Research and commentary

Using research to inform obesity reduction strategies

Working with families for the benefit of each child is central to tackling obesity

Mihrshahi S, Drayton B, Bauman A et al (2018) Associations between childhood overweight, obesity, abdominal obesity and obesogenic behaviors and practices in Australian homes. BMC Public Health. doi: 10.1186/s12889-017-4595-y

Obesity
Picture: iStock

 

Aim

To examine the possible influence of parenting practices on obesity in children to identify who are at higher risk and if socio-demographic factors are associated with obesogenic practices.  

Methods

This was a cross-sectional survey undertaken in Australia. The sample was 3,884 children and 3,671 young people, aged 5-16, from 84 schools. Data collected included body measurements, such as abdominal girth. The children’s parents completed questionnaires about family eating habits and linked behaviour, such as eating breakfast and average time spent using screens. The young people also completed questionnaires. The questions derived from a recognised questionnaire on feeding children. Demographic information was also collected, which meant that socio-economic factors could be considered when data were interpreted.

Results

Children and young people who do not eat breakfast are more likely to be overweight. Not eating breakfast has a higher positive association with increased height-to-waist ratio. Having a TV in a child’s bedroom increases the likelihood of obesity. A lack of rules on screen time and using sweets as rewards increases the chances of obesity. The risks of obesity increases among some children from socially disadvantaged or non-English speaking backgrounds. There were also some indications that there is a difference in gender, whereby teenage girls are more likely to skip breakfast and boys are more likely to have imposed screen times.

Conclusion

Planning interventions to reduce obesity in children should take into consideration the factors raised in this study. A combined approach of body measurements, including abdominal girth and patterns of behaviour, should be employed when planning interventions. It should also be recognised that risk factors in childhood may differ from those in adolescence. Children from socially disadvantaged or non-English speaking backgrounds may be at a higher risk, which may warrant a more focused approach.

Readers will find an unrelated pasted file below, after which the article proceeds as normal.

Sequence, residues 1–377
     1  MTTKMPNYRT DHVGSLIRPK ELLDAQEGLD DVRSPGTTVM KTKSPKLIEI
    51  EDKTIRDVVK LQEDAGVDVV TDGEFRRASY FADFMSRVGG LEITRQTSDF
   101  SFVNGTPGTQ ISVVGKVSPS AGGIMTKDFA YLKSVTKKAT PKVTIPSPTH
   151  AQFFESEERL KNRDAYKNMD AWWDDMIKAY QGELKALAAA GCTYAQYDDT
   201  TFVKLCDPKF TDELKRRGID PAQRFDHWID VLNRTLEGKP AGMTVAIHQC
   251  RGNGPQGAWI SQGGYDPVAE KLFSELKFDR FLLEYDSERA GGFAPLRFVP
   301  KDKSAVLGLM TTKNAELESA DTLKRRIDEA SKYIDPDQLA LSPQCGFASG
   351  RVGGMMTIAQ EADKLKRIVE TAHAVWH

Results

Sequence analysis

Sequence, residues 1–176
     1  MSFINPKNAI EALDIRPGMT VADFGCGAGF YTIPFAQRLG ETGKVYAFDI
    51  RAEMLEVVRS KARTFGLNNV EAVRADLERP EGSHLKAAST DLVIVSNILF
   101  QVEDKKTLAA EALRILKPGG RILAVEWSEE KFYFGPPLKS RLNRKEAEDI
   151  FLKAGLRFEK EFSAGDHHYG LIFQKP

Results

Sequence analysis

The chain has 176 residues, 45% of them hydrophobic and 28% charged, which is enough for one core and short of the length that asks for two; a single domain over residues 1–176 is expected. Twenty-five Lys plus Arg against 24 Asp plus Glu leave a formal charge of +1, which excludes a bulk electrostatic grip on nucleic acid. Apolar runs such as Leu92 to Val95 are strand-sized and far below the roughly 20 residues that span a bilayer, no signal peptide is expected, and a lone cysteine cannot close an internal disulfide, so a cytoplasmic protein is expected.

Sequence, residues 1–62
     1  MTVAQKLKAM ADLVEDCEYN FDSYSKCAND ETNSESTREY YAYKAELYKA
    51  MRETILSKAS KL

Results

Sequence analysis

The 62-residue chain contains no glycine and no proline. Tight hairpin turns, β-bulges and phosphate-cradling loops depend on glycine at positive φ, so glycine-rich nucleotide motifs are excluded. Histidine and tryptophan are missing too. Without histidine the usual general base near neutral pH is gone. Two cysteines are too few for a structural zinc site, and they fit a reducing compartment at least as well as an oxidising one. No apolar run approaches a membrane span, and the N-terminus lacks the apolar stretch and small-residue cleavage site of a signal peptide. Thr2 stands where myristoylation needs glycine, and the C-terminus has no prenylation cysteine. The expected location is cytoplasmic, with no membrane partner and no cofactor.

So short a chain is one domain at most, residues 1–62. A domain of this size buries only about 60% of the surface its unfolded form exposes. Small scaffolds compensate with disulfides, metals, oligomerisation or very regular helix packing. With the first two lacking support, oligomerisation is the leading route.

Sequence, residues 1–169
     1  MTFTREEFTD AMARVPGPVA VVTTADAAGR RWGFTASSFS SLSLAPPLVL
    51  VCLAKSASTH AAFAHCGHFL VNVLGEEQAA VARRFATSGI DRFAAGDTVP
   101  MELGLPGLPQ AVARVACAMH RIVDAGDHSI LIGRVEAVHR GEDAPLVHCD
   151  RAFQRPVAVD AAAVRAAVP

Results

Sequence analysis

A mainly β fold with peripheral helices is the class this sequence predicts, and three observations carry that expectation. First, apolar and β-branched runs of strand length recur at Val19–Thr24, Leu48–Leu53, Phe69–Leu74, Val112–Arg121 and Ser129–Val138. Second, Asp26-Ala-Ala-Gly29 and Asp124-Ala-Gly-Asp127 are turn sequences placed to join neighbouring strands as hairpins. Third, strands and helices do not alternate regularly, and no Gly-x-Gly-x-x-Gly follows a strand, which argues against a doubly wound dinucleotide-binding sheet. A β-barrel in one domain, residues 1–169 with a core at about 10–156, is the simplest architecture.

Reasons for childhood obesity are linked to homes and families

Childhood obesity is known to be an increasing problem in the UK, with one third of children being overweight or obese. This means that those who work with children and young people have regular contact with those affected by what some term as an epidemic in waiting. NHS England’s policy, Childhood Obesity: A Plan for Action, sets out a ten-year plan to address this, but makes clear that this is more of a starting point than a complete strategy (Knai and Petticrew 2016).

It can be argued that all health and social care professionals who work with children and their families need to have an insight about which children may be at higher risk of obesity. Although some of the issues raised by Mihrshahi et al (2018) are already known, their context – the home environment – is important too. The authors reminds us that the reasons for childhood obesity are complex and are usually linked with family circumstances. This means that working with families for the benefit of each child is central to tackling this issue.

 

References

About the author

Compiled by Theresa Pengelly, senior lecturer in children and young people’s nursing, Coventry University, on behalf of the RCN’s Research in Child Health community

This article is for subscribers only

Jobs